Geomicrobiological linkages between short-chain alkane consumption and sulfate reduction rates in seep sediments

TitleGeomicrobiological linkages between short-chain alkane consumption and sulfate reduction rates in seep sediments
Publication TypeJournal Article
Year of Publication2013
AuthorsBose, A, Rogers, DR, Adams, MM, Joye, SB, Girguis, PR
Date Publisheddec
Type of ArticleArticle
KeywordsHOV Alvin (Human Occupied Vehicle)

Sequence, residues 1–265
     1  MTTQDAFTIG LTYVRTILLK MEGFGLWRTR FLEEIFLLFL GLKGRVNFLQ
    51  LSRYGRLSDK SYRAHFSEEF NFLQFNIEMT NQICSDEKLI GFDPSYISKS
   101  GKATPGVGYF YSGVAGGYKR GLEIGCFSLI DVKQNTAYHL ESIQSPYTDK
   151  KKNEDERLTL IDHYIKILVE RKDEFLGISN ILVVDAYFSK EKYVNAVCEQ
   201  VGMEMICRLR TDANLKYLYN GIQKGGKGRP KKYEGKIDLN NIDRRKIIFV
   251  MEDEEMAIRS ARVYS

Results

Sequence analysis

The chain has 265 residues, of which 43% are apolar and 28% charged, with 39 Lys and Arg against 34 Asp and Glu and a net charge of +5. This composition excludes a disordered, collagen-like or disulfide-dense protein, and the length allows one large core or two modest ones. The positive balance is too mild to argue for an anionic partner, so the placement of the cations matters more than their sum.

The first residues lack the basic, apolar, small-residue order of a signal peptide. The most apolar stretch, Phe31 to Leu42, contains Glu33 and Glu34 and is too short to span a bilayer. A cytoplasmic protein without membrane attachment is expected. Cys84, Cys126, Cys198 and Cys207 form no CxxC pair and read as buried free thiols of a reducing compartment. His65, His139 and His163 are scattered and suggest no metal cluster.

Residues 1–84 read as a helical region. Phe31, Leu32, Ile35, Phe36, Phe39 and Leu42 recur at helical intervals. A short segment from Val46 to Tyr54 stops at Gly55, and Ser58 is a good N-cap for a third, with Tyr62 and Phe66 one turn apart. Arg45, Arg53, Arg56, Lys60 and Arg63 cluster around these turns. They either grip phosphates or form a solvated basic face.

Marine hydrocarbon seeps are ecosystems that are rich in methane, and, in some cases, short-chain (C-2-C-5) and longer alkanes. C-2-C-4 alkanes such as ethane, propane, and butane can be significant components of seeping fluids. Some sulfate-reducing microbes oxidize short-chain alkanes anaerobically, and may play an important role in both the competition for sulfate and the local carbon budget. To better understand the anaerobic oxidation of short-chain n-alkanes coupled with sulfate-reduction, hydrocarbon-rich sediments from the Gulf of Mexico (GoM) were amended with artificial, sulfate-replete seawater and one of four n-alkanes (C-1-C-4) then incubated under strict anaerobic conditions. Measured rates of alkane oxidation and sulfate reduction closely follow stoichiometric predictions that assume the complete oxidation of alkanes to CO2 (though other sinks for alkane carbon likely exist). Changes in the delta C-13 of all the alkanes in the reactors show enrichment over the course of the incubation, with the C-3 and C-4 incubations showing the greatest enrichment (4.4 and 4.5 parts per thousand, respectively). The concurrent depletion in the delta C-13 of dissolved inorganic carbon (DIC) implies a transfer of carbon from the alkane to the DIC pool (-3.5 and -6.7 parts per thousand for C-3 and C-4 incubations, respectively). Microbial community analyses reveal that certain members of the class Deltaproteobacteria are selectively enriched as the incubations degrade C-1-C-4 alkanes. Phylogenetic analyses indicate that distinct phylotypes are enriched in the ethane reactors, while phylotypes in the propane and butane reactors align with previously identified C-3-C-4 alkane-oxidizing sulfate-reducers. These data further constrain the potential influence of alkane oxidation on sulfate reduction rates (SRRs) in cold hydrocarbon-rich sediments, provide insight into their contribution to local carbon cycling, and illustrate the extent to which short-chain alkanes can serve as electron donors and govern microbial community composition and density.